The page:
Effective on 200 weed varieties for up to four months, Roundup is a glyphosate-based product that starves plants by blocking an essential growth enzyme. Signs that weeds are dying may be seen within several hours to several days. The first indicator is wilting or withering. Leaves may turn yellow, curl, fall off or turn brown at the tips. Eventually the entire plant browns. Visible results aren’t as fast in drought conditions or cold weather; it can take up to a month before telltale signs appear.
One gallon of ready-to-use spray covers 300 feet, or approximately 1,000 weeds. Roundup enters the plant through living green tissue. Cover as much foliage as possible, thoroughly saturating but not to the dripping point. Roundup travels to the roots in a couple of days, so even if you can't tell that it's working, it's attacking the weed from the inside. Once the treated plants have dried, the area is safe for you, your pets and children.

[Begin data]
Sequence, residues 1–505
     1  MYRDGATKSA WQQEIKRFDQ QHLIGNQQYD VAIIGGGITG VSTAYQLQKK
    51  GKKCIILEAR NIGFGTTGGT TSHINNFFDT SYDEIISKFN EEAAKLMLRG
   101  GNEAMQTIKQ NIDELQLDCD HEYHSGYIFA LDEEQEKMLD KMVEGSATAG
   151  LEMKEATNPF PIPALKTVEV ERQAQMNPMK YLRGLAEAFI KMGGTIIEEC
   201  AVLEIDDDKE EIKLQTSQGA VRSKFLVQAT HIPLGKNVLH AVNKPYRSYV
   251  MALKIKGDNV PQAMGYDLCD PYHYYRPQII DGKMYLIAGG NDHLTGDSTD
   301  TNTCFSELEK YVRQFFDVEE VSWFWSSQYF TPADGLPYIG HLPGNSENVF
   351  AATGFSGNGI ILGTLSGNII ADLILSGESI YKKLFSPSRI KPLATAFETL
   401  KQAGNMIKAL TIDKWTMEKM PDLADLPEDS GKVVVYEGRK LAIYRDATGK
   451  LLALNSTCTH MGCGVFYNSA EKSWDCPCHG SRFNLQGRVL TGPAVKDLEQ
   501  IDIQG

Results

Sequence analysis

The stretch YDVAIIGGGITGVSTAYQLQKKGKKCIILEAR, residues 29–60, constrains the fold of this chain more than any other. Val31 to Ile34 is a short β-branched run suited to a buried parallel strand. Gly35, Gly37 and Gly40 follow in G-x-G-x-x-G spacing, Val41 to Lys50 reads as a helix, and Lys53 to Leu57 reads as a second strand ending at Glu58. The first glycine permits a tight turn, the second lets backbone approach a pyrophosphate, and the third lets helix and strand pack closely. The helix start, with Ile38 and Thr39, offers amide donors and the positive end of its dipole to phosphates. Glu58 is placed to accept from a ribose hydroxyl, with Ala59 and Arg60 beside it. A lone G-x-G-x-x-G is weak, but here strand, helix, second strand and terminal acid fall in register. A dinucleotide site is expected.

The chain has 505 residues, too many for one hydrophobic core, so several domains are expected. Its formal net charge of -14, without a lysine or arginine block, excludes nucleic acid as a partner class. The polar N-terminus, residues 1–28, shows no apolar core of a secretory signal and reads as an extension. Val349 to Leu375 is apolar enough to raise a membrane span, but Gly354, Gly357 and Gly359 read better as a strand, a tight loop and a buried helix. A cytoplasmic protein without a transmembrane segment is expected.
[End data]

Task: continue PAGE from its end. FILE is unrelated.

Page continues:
Ridding your landscape of plants with thick, waxy leaves, such as poison ivy(Toxicodendron radicans), found in U.S. Department of Agriculture plant hardiness zones 4 to 10, or climbers like invasive kudzu (Pueraria Montana) in USDA zones 5 to 10, may take more than one application. Use the Roundup formulation designed for tenacious weeds. Lop off bark-covered branches or vines and apply Roundup to the cut ends, allowing the product to penetrate. If you haven’t seen results in a month, reapply. Spray any new growth around the original weeds every three to four weeks.
Protect Desirable Plants
If you accidentally spray Roundup on a plant you want to keep, immediately rinse it with water. The product is rainproof after 10 minutes, so you have limited time to react. Even then, it may be too late, depending on how heavily the plant was sprayed. To avoid harmful drift, apply Roundup on a calm day and shield desirable plants with a piece of plastic or cardboard.